You might think that Groupon’s "Deal Counter" display would exist to show exactly how many customers had purchased a particular deal on offer from the site, but apparently, you’d be wrong.
In a blog post this weekend, Groupon revealed that it is purposefully fudging the numbers in order to prevent people from making "consistently incorrect" estimates of the company’s sales. Because, you know, that’s much easier than just removing the Deal Counter altogether.
"Instead of showing the exact number of Groupons purchased, the counter is now reduced by a random percentage – sometimes 0.5%, sometimes 19.5%, or anything in between," the blog revealed, adding that the site is also "capping and rounding the counter from time to time. We now precede the Groupon count with the word ‘over’ to reflect that the actual number is always actually larger than what’s being displayed."
The new counter is there to confound those who used the old counter to estimate Groupon sales, which the company didn’t like "for the same reason you probably wouldn’t like if people tried to guess your weight all day." I know that I hate it when people underestimate my weight by millions of dollars, so I guess I can concede that point.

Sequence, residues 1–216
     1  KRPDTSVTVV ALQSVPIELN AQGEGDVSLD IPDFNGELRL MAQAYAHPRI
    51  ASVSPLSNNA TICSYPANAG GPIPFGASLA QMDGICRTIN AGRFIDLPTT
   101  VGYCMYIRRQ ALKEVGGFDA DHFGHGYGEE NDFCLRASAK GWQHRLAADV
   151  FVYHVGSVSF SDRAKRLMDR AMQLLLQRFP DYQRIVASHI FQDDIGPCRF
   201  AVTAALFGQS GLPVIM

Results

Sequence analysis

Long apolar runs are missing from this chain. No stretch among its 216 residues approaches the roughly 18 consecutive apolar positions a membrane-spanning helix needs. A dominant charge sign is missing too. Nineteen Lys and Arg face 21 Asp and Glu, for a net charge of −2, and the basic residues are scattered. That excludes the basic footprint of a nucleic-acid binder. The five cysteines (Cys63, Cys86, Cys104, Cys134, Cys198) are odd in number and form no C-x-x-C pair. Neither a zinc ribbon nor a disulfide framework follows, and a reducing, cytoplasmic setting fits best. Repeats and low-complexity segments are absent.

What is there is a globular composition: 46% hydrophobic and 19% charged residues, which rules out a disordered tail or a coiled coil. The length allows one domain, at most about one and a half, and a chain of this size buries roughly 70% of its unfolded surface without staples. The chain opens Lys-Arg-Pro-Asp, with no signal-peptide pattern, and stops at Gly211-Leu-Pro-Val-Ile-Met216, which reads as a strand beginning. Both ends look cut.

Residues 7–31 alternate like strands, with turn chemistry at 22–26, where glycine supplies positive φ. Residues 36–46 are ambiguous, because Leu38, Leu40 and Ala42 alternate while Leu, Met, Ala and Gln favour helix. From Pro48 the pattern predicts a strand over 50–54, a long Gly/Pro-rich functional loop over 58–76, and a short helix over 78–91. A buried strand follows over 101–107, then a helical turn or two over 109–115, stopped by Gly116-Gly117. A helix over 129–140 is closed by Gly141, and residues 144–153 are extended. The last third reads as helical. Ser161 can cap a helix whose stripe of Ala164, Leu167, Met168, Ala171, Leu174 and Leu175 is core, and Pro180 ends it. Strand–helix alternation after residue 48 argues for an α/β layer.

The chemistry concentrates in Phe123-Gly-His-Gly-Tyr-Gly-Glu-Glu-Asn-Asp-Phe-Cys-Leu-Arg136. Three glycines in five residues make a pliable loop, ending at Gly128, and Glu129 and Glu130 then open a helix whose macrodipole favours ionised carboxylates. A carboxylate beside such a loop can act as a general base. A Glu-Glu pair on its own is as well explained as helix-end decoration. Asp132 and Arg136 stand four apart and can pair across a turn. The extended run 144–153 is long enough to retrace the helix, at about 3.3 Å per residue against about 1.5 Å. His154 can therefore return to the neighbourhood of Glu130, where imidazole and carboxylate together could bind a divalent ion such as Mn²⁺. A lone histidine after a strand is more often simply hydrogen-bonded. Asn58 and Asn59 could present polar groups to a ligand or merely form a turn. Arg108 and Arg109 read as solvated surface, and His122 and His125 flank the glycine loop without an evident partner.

"This change is meant to continue to reflect deal popularity while making it clearly impossible to predict our sales," the blog explained, adding that the company was "blogging about it to be transparent about our lack of transparency." Except, of course, now that we know that the results are purposefully untrue, why should anyone assume that the Deal Counter is only ever altered downwards? This is really a case of honesty about dishonesty not really being the best policy after all.
Graeme McMillan is a reporter at TIME. Find him on Twitter at @Graemem or on Facebook at Facebook/Graeme.McMillan. You can also continue the discussion on TIME’s Facebook page and on Twitter at @TIME.